My 2/9 Cancer Update — Supplemental

I got a reply from one of my friends about my update:

Cancer does indeed take you to unexpected places – and to a meeting with unexpected people.

I found that the other cancer patients were hard to get to know. It’s as if no one wants to make a friend that might be taken away before you go. But even causal contact is interesting – if you can get them to open up – and if you can open up. Sharing your experiences – and your concerns – seems to lessen the burden somehow.

Something about happiness shared is doubled and grief shared is halved.

This reminded me of one thing that happened on Wednesday. While I was at a meeting before my trip to my urologist, Donna got a call from a friend who lives up the river a ways. Bob is an artist who lives in Coaldale and also has prostate cancer. He went a different route than I did, driving to Denver to University Hospital for treatment. Our treatment was entirely different; he had his prostate frozen with liquid argon.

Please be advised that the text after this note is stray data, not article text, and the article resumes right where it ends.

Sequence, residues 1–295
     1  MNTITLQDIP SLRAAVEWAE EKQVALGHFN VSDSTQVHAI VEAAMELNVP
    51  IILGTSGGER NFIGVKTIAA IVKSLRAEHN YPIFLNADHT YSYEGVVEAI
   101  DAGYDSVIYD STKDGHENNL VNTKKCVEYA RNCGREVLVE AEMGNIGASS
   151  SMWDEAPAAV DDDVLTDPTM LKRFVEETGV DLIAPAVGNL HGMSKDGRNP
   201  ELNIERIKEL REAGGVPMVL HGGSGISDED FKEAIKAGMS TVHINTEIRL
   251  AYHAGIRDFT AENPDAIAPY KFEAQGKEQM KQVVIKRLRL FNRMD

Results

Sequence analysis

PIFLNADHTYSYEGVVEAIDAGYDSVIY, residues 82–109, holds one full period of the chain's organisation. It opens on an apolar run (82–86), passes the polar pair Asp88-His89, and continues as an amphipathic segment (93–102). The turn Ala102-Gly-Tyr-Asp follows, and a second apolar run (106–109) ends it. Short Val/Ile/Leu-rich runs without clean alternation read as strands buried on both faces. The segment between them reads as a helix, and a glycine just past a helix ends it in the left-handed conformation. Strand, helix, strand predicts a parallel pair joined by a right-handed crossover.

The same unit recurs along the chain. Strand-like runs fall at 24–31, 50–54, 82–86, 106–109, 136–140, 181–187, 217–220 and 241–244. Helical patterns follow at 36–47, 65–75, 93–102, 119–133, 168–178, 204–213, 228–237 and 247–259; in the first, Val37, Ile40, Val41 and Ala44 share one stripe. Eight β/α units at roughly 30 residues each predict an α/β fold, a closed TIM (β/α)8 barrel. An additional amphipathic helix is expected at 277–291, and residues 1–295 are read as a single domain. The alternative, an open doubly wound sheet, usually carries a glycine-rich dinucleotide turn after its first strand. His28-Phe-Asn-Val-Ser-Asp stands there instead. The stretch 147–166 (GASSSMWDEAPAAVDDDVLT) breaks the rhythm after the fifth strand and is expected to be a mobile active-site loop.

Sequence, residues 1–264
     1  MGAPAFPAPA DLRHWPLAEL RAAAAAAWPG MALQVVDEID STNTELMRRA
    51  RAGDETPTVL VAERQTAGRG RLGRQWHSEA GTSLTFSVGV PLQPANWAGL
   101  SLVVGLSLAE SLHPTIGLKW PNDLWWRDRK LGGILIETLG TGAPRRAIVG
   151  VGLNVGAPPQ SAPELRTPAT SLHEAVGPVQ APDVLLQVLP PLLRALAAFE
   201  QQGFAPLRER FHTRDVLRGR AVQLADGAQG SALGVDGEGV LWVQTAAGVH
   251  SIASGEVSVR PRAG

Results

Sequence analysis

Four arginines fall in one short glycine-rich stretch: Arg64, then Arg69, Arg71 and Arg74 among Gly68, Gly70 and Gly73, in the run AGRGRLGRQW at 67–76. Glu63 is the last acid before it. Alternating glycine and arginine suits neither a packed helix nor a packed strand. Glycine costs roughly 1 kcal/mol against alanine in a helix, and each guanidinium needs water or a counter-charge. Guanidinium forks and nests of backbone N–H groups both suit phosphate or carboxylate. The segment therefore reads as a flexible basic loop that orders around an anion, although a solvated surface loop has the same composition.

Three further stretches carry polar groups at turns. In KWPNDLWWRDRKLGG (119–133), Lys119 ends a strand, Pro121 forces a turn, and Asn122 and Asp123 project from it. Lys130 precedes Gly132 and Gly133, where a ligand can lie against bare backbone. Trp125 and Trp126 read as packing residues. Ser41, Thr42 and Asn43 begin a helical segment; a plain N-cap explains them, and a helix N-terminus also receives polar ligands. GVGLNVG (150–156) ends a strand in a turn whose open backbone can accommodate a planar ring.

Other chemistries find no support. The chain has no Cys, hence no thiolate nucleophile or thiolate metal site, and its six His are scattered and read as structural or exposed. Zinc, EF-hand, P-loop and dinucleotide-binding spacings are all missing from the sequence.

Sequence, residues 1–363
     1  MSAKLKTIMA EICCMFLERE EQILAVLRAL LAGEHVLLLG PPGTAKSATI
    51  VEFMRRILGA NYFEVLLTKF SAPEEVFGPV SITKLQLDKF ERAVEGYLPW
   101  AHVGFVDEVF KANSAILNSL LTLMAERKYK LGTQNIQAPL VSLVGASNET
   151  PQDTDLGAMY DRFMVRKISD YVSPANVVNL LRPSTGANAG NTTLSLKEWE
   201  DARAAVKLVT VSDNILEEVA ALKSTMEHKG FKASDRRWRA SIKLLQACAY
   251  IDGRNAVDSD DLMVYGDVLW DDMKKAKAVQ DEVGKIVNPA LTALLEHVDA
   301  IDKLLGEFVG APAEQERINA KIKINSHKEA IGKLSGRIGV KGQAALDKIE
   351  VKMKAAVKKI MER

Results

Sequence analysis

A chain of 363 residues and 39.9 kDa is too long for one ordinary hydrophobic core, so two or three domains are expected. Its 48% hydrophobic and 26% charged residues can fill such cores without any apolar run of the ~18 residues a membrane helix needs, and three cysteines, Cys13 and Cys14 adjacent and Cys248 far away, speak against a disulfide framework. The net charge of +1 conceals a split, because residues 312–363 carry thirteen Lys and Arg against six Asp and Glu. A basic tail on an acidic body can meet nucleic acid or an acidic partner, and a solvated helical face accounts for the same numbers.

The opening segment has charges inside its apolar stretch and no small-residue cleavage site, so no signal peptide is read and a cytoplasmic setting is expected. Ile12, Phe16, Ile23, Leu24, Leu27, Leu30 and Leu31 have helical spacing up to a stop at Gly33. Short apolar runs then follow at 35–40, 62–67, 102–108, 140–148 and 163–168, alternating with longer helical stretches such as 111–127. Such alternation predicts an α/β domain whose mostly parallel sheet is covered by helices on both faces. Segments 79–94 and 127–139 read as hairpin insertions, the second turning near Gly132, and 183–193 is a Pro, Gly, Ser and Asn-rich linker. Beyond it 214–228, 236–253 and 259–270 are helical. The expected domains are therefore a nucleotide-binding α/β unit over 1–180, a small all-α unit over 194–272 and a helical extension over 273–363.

But we have now reached similar places: recurrence. He is gonna get refrozen. I have no idea what I am gonna do. But we can go on and on about art (“Christo is coming!), politics (He makes me look like a moderate!); and local politics. He runs a blog about local politics.

But our connection is our cancer and how we are coping. We talked for an hour. We originally met over our volunteer fire department and have kept in touch. But he is the only fellow patient I know.

Ways to Treat Advanced Prostate Cancer

Prostate cancer starts as a tumor grows in the prostate. Prostate Cancer that spreads outside the prostate gland to the lymph nodes, bones, or further areas is called metastatic prostate cancer. Regrettably at this time, no treatments can cure advanced prostate cancer. Doctors however do have ways to help manage its spread and related symptoms.

For more details on how there aren’t many viable, options for advanced prostate cancer, try this.